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Date: December 9th 1916


Dec 9th 1916

My Dear Mother.

This has been a glorious day, just like October. I have enjoyed it very much indeed. You will be glad to know that I have made my first solo flight. That is I made the flight by myself. I feel quite cocky tonight about it too. Yesterday was not so good though. The weather was very foggy and misty but I wanted to get my solo off before any of the others in my class. So I made quite an unsuccessful attempt at it. In my fruitless effort I crashed two machines, in the first case I hit a ditch, running at 42 miles per hour and completely demolished the four wheels of the undercarriage. The instructor said it was not my fault so I asked for a new machine and went at it again. This time I did some minor damage, breaking a few wires & etc but as there were no more machines available I did not try it again. Several of the more experienced pilots had bad crashes too so I count myself lucky to get out of it with my skin intact. Today I started out again with a new machine, one I had never been in before, and made the grade very successfully. I made two very good landings and remained up half an hour. The fellows said I pulled off some very spectacular flying, but I did not know it. Before I finished I felt quite confident but when I came down the flight commander said I must not do any stunting as he was afraid I was a candidate. The only thing I did was to fly low and nearly knock off the chimneys. Next time I am going up at far as I can, and see if that pleases him. The higher up you go the safer you are, you know.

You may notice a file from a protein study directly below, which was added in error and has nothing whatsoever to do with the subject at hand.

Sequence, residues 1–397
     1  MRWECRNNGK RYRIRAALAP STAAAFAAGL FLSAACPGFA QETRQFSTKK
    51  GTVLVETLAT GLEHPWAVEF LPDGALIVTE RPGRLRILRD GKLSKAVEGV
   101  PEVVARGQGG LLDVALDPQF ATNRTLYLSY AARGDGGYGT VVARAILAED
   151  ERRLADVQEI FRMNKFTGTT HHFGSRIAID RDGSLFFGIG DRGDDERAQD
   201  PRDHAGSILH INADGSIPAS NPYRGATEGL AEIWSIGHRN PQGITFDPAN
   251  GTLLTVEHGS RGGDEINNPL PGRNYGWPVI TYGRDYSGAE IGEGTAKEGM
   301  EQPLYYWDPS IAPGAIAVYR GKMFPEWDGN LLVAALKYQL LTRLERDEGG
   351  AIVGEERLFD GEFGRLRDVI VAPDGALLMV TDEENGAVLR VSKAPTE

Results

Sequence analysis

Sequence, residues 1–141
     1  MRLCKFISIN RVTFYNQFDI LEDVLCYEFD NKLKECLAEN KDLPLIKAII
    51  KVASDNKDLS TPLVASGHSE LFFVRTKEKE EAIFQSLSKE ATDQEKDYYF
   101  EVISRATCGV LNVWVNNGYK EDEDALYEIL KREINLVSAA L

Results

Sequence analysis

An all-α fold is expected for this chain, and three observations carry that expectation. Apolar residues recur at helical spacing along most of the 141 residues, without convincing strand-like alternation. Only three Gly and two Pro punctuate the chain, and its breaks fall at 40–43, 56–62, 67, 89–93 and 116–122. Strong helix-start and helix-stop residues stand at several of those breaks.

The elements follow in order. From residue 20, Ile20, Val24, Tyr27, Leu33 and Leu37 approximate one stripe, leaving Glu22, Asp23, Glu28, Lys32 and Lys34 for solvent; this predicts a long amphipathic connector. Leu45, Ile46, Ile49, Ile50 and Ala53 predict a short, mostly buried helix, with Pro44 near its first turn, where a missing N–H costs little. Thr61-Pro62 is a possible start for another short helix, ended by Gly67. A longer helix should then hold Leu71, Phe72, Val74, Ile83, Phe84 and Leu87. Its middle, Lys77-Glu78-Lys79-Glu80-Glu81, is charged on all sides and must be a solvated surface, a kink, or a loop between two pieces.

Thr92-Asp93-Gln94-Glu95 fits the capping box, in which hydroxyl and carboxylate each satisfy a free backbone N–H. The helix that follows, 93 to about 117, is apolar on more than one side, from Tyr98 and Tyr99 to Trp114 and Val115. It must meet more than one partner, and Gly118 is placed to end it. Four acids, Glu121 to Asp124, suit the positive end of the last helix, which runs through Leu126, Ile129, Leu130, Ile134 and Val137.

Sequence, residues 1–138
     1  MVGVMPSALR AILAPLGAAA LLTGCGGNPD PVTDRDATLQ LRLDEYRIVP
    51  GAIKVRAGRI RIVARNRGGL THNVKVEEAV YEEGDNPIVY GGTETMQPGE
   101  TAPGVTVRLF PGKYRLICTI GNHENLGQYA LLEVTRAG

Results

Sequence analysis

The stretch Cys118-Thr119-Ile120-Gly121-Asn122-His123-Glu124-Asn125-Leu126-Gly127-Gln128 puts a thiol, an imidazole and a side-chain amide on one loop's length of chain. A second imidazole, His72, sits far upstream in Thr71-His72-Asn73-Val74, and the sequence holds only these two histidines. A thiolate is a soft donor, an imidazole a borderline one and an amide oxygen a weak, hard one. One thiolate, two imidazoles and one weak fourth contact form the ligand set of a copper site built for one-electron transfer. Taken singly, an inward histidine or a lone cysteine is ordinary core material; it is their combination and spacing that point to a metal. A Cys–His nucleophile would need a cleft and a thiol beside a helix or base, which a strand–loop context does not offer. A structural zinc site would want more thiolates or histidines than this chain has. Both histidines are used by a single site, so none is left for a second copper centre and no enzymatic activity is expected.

Em's parcel has arrived O.K. for which many thanks. I might say that it is almost gone already, and it was good, every bit of it. Also I rec'd the 'Rep' last evening for the first time in weeks and weeks. It was a small edition. Have not heard from Alf since he left London. I expect he is very busy getting ready to go overseas. He is down at Lark Hill on Salisbury Plains now, I guess. I told him to try to write oftener, but the poor kid is rather busy, I expect.

I am glad you are all keeping so well, and that Father is so successful with the insurance. It is a comfort for me to know that you are all so fit.

My train is just about due now, so I must run. Lots of love, and don't worry about me as I am quite safe as I told you before. And please do not say anything about my flying experiences outside of the family as it is more or less confidential and I tell you in that way. You might forward to George if you think he would be interested. As usual I am absolutely fit and well.

Love, for all the family, Father, Em and self and kindest regards to Miss Smith.

Your loving son

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